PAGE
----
Generic name: nivolumab
Companies: Bristol-Myers Squibb; Ono Pharmaceutical
2015 sales: $1.12 billion
2022 sales: $12.62 billion
Current indications: non-small cell lung cancer; metastatic melanoma; renal cell carcinoma; classical Hodgkin lymphoma
Opdivo was the first drug in the PD-1/PD-L1 inhibitor class to reach the market after its approval in Japan in 2014, but then followed Merck & Co.’s Keytruda by several months in winning an FDA approval. The two drugs have seesawed for dominance ever since.
Though Keytruda's new approval in first-line lung cancer could prove a spoiler for Opdivo's 2022 sales, the med has been the favorite to rule the roost among this new generation of immuno-oncology drugs.
Prospects for Opdivo took a knock after it failed to meet its objectives in the CheckMate-026 trial in first-line non-small cell lung cancer (NSCLC), largely because it did not confine its study population to patients whose tumors tested positive for high-level PD-L1 expression.
For now, that means Opdivo has probably ceded control of that territory to other drugs in the class, most notably Keytruda, which won its first-line approval in the U.S. in October. Roche's newer Tecentriq will be going for a first-line approval, too. But for that setback, Opdivo would have been at the head of the cancer drug pack in 2022 with sales of a $14.6 billion, according to EvaluatePharma's analysis.
A $2 billion deficit is clearly huge, but Opdivo's second-place position in this list goes some way to put the first-line failure into perspective. A massive clinical trial program for the drug, both as a monotherapy and in combination with other cancer drugs, could unlock new uses in other solid tumors such as breast, colorectal, small cell lung and gastric cancers, as well as hematological malignancies including follicular lymphoma and diffuse large B-cell lymphoma.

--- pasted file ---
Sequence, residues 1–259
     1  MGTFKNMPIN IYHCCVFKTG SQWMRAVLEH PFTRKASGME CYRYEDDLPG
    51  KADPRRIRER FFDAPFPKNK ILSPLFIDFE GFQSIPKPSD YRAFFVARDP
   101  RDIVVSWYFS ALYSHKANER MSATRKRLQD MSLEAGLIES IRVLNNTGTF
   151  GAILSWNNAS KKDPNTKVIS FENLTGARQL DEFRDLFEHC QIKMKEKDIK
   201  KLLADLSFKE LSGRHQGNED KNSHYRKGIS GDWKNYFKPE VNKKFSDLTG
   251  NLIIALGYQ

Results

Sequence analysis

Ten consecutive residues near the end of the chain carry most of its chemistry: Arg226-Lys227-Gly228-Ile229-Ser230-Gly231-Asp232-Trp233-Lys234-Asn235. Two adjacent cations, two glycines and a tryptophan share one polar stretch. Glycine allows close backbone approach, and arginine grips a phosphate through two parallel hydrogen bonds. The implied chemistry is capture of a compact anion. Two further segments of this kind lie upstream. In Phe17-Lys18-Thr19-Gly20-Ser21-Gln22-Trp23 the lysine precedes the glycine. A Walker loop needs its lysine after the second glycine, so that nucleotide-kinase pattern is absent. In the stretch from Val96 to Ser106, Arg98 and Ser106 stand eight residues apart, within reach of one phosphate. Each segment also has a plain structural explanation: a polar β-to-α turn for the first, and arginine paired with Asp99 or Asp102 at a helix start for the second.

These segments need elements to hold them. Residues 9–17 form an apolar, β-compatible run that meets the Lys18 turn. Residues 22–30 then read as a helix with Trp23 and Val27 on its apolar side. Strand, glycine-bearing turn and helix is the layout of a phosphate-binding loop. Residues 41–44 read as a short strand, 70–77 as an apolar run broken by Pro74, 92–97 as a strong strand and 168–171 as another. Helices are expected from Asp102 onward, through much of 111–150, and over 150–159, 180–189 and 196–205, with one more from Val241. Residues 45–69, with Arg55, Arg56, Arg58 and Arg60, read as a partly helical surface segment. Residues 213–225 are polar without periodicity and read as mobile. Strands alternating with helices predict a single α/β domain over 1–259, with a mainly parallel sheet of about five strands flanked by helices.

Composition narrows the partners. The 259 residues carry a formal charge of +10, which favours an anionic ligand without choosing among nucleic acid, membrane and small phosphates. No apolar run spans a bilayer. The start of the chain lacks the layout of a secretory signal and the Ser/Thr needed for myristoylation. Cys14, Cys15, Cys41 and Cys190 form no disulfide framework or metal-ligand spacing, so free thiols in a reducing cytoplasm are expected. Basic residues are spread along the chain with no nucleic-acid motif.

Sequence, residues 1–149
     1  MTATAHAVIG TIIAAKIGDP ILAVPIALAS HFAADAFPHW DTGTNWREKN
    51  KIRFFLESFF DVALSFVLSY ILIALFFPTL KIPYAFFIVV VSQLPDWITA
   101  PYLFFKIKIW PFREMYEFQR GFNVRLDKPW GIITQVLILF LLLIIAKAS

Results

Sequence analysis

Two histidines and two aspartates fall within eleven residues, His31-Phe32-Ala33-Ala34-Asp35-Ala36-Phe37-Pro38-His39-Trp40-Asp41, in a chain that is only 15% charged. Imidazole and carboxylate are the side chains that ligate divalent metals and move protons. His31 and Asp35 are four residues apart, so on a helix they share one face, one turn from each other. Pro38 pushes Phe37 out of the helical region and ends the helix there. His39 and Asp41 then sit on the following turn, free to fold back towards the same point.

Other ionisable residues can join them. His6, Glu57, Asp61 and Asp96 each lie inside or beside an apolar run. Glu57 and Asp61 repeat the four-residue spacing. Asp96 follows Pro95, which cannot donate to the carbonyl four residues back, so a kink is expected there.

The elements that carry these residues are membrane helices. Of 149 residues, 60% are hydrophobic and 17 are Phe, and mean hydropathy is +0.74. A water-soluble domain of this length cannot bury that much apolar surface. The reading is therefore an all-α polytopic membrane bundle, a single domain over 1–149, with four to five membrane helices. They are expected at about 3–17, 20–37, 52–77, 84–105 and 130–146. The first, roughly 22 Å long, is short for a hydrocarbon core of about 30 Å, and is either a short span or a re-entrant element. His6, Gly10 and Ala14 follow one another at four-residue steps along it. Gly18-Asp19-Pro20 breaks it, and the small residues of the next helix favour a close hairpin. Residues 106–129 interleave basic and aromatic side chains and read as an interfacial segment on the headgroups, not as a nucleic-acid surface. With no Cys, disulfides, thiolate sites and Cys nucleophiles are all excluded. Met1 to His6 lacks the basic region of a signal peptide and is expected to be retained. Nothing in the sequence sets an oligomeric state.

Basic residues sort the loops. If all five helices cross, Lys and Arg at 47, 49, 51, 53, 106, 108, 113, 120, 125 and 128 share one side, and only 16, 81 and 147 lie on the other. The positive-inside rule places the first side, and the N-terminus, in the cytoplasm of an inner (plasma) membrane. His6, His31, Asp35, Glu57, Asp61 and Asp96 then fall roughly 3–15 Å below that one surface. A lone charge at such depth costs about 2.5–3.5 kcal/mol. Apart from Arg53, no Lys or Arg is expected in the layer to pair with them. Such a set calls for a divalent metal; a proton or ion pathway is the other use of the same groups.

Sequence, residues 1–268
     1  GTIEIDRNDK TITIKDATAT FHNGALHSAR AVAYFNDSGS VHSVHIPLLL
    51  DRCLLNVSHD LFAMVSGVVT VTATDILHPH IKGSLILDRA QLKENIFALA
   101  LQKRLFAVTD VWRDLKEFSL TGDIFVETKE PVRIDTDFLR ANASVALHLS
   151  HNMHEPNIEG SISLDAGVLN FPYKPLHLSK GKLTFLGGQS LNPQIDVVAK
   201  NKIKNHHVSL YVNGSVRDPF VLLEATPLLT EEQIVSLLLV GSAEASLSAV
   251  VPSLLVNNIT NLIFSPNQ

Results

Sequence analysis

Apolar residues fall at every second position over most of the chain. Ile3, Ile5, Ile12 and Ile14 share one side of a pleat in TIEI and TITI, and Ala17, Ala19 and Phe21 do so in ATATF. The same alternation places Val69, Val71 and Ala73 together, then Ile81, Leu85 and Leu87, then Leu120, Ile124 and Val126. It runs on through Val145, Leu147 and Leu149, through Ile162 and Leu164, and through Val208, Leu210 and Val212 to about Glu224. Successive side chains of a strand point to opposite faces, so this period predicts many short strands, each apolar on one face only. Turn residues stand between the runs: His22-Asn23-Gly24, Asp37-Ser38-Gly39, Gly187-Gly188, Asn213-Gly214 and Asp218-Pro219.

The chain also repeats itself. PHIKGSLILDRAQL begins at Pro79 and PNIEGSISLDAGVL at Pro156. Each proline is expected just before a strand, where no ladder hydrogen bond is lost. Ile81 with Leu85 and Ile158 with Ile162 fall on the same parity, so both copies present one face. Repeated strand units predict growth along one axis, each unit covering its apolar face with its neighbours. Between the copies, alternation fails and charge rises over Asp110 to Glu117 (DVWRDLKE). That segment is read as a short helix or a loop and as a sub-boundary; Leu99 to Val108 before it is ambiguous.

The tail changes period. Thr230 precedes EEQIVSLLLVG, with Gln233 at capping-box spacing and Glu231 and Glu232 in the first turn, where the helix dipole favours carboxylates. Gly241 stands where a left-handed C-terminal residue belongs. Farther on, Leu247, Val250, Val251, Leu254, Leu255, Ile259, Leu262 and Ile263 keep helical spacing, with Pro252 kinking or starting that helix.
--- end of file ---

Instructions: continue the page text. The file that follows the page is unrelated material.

All is not necessarily lost in first-line NSCLC either, and it is worth noting that three-quarters of first-line NSCLC patients are PD-L1-negative and so still have to be treated with chemotherapy. A lot is therefore riding on the outcome of the CheckMate-227 trial that will look at the combination of Opdivo with another BMS immuno-oncology asset—Yervoy—and is due to report results in 2018. If positive, that data could return Opdivo to a position of strength in lung cancer.